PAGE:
Aaron Donald Has the Talent to Turn Heads at the NFL Level

Matt Bowen @MattBowen41NFL National Lead WriterApril 15, 2014

Aaron Donald doesn’t have ideal size (6’1”, 285 lbs) at the defensive tackle position.

But given Donald's college tape—along with his performances at the Senior Bowl and NFL Scouting Combine—the Pitt product should be viewed as the top interior lineman in this year’s draft class.

Let’s break down Donald’s game and discuss why his talent will produce results as a 3-technique tackle at the NFL level.


Game Film Tells the Story on Donald's College Production

College stats can be overhyped depending on competition level, system, etc. That’s why I always look at a prospect’s talent/skill set over the numbers in the box score.

However, Donald’s production at Pittsburgh is legit when you break down the tape from 2013.

When watching Donald, it’s easy to see the explosive first step plus the ability to set up offensive linemen. He can win with speed to penetrate, and he plays with low pad level at the point of attack.

Donald is a good fit for a 1-gap system that caters to his talent as a disruptive interior lineman. Think of the 3-technique defensive tackle in the base 4-3 fronts and nickel sub-packages.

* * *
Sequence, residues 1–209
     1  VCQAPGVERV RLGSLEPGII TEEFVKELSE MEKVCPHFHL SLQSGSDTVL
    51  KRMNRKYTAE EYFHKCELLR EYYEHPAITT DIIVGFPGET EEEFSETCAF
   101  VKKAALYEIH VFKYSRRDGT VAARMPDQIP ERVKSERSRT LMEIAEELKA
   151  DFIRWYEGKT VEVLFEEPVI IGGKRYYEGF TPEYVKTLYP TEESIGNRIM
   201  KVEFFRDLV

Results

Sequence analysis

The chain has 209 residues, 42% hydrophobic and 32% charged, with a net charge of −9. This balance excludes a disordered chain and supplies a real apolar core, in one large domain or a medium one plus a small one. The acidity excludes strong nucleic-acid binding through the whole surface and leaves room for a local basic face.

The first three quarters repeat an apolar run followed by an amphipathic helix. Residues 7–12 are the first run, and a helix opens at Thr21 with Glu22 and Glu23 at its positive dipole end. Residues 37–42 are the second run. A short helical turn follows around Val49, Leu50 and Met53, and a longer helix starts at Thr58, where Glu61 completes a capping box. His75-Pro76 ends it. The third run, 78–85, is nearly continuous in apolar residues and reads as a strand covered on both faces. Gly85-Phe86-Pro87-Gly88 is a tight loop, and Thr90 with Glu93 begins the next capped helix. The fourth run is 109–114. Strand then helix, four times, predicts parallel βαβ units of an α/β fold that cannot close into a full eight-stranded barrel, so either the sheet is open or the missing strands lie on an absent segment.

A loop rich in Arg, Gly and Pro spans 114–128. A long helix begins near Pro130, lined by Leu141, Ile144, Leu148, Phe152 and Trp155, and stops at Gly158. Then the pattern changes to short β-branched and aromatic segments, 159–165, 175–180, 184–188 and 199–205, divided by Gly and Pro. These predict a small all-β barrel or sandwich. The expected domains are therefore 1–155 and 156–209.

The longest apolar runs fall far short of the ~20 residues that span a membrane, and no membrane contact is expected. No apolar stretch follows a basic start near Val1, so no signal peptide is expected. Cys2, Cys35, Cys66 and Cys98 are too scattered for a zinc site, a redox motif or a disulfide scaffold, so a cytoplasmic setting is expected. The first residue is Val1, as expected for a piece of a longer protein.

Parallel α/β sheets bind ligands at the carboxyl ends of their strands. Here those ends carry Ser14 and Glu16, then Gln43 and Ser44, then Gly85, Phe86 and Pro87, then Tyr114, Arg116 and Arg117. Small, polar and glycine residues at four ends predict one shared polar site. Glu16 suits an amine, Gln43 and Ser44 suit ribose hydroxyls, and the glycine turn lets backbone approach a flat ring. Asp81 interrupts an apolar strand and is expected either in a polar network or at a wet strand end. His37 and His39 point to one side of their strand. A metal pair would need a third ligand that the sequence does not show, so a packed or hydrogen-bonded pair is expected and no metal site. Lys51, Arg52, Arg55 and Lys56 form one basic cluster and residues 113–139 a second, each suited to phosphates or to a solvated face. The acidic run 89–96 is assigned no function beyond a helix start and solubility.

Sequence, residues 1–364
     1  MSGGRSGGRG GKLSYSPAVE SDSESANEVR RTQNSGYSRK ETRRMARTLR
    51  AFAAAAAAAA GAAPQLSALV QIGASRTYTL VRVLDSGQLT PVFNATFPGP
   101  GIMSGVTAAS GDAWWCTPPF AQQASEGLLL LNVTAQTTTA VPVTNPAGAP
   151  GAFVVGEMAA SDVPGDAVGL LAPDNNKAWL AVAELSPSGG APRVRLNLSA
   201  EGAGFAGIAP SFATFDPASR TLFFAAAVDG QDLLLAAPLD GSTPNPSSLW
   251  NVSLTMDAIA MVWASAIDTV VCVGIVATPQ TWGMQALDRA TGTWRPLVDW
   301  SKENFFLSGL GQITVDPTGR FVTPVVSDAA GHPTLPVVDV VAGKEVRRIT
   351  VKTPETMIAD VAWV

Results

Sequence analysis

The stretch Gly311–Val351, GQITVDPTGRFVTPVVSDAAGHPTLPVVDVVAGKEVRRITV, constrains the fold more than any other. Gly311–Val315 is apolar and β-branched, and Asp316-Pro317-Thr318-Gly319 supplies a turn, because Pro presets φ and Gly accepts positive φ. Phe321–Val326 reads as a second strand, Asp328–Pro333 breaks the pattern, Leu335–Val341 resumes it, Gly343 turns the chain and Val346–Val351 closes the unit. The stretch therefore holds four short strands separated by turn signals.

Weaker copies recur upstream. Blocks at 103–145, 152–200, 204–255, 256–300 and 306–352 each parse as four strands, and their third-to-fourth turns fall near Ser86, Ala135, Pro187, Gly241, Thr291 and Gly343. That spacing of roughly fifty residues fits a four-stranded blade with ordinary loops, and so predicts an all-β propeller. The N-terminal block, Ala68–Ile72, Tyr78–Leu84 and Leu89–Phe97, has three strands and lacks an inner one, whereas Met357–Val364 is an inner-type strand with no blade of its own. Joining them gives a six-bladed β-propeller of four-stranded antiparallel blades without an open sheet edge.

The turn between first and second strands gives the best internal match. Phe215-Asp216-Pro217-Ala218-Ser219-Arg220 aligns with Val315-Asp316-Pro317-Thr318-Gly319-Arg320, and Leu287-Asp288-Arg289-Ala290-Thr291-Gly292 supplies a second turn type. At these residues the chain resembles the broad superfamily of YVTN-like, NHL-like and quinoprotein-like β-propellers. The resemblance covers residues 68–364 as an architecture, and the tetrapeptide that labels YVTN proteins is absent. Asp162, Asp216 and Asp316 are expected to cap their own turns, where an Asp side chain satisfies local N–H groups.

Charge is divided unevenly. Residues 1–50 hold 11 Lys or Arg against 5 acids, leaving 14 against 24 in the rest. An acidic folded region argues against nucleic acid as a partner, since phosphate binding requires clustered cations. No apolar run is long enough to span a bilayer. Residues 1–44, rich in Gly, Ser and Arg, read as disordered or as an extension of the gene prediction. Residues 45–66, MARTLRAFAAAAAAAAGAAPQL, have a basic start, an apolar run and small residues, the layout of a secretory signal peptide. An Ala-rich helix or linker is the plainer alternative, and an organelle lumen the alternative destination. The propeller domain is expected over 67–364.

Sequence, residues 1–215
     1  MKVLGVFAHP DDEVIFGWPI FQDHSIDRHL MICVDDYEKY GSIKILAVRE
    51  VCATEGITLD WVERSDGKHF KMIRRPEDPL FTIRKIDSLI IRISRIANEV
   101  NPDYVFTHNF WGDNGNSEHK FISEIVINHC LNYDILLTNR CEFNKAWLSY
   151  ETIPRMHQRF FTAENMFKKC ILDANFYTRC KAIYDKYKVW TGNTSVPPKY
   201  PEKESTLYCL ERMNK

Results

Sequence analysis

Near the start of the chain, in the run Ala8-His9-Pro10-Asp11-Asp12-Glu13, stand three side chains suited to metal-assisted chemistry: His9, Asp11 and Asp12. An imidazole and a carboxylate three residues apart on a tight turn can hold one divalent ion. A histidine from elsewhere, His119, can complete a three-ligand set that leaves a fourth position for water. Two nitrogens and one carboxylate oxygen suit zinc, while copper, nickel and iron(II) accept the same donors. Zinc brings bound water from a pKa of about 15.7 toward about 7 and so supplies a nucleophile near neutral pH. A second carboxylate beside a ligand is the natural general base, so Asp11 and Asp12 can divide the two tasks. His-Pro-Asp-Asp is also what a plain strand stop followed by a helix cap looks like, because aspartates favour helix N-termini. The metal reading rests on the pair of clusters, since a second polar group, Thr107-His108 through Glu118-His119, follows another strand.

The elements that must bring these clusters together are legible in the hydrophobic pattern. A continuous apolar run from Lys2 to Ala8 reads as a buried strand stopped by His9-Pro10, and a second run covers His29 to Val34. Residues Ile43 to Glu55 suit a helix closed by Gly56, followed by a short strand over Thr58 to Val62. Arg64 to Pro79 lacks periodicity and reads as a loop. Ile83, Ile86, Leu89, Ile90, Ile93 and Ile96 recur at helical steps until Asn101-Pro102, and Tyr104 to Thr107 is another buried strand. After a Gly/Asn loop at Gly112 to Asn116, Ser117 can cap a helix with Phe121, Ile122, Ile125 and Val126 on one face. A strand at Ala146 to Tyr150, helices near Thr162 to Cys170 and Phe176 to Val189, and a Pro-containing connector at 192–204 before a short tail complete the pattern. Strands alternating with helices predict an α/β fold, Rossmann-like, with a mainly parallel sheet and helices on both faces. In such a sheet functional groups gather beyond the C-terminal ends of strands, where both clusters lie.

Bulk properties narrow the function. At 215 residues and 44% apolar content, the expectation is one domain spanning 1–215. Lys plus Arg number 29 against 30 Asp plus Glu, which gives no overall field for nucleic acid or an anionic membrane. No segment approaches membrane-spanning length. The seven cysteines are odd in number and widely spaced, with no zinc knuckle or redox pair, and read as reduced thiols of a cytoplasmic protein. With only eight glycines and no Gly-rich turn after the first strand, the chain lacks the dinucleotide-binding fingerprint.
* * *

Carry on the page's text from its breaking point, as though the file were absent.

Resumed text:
This is why Donald made so many plays behind the line of scrimmage at Pitt. That ability to win on the first step allowed the defensive tackle to live in the backfield and collapse the pocket.

Technique is also one of the keys to his high-level production. He is quick with his hands (countermoves) and has enough length for his frame (32.5-inch arms) to press blockers when he can engage quickly.

Donald was a dominant player at the college level (29.5 career sacks) who cleaned up during the postseason award circuit because of his consistent production inside.


Senior Bowl Standout

The Senior Bowl is my favorite event on the NFL calendar because you get to see prospects up close in a football-specific environment—and there is nowhere to hide in full gear.

Donald impressed throughout the week of practice during one-on-one drills, 11-on-11 teamwork, etc., with his speed off the ball and leverage on contact.

At times, Donald was unstoppable in one-on-one situations. He whipped offensive linemen with his initial burst and the same technique that shows up on the game tape.

However, the No. 1 thing that stood out was Donald’s competitiveness. I always look for prospects who want to compete in every drill and showcase their skill set/talent in front of league scouts and coaches.

Atlanta Falcons head coach Mike Smith, who led Donald and the North squad in Mobile, had much of the same to say about the electric tackle during the week's practices, per Chase Goodbread of NFL.com:

Donald is a very explosive defensive tackle. I've been very impressed with him. He's short in stature by NFL standards. He doesn't maybe have all the measurables. But he's one of the more explosive guys we have on the North squad. He's done a nice job in the run and the pass game in the first two practices.

Donald immediately grabbed my attention every day because he acted like a pro on the field with his effort, tempo and conditioning level.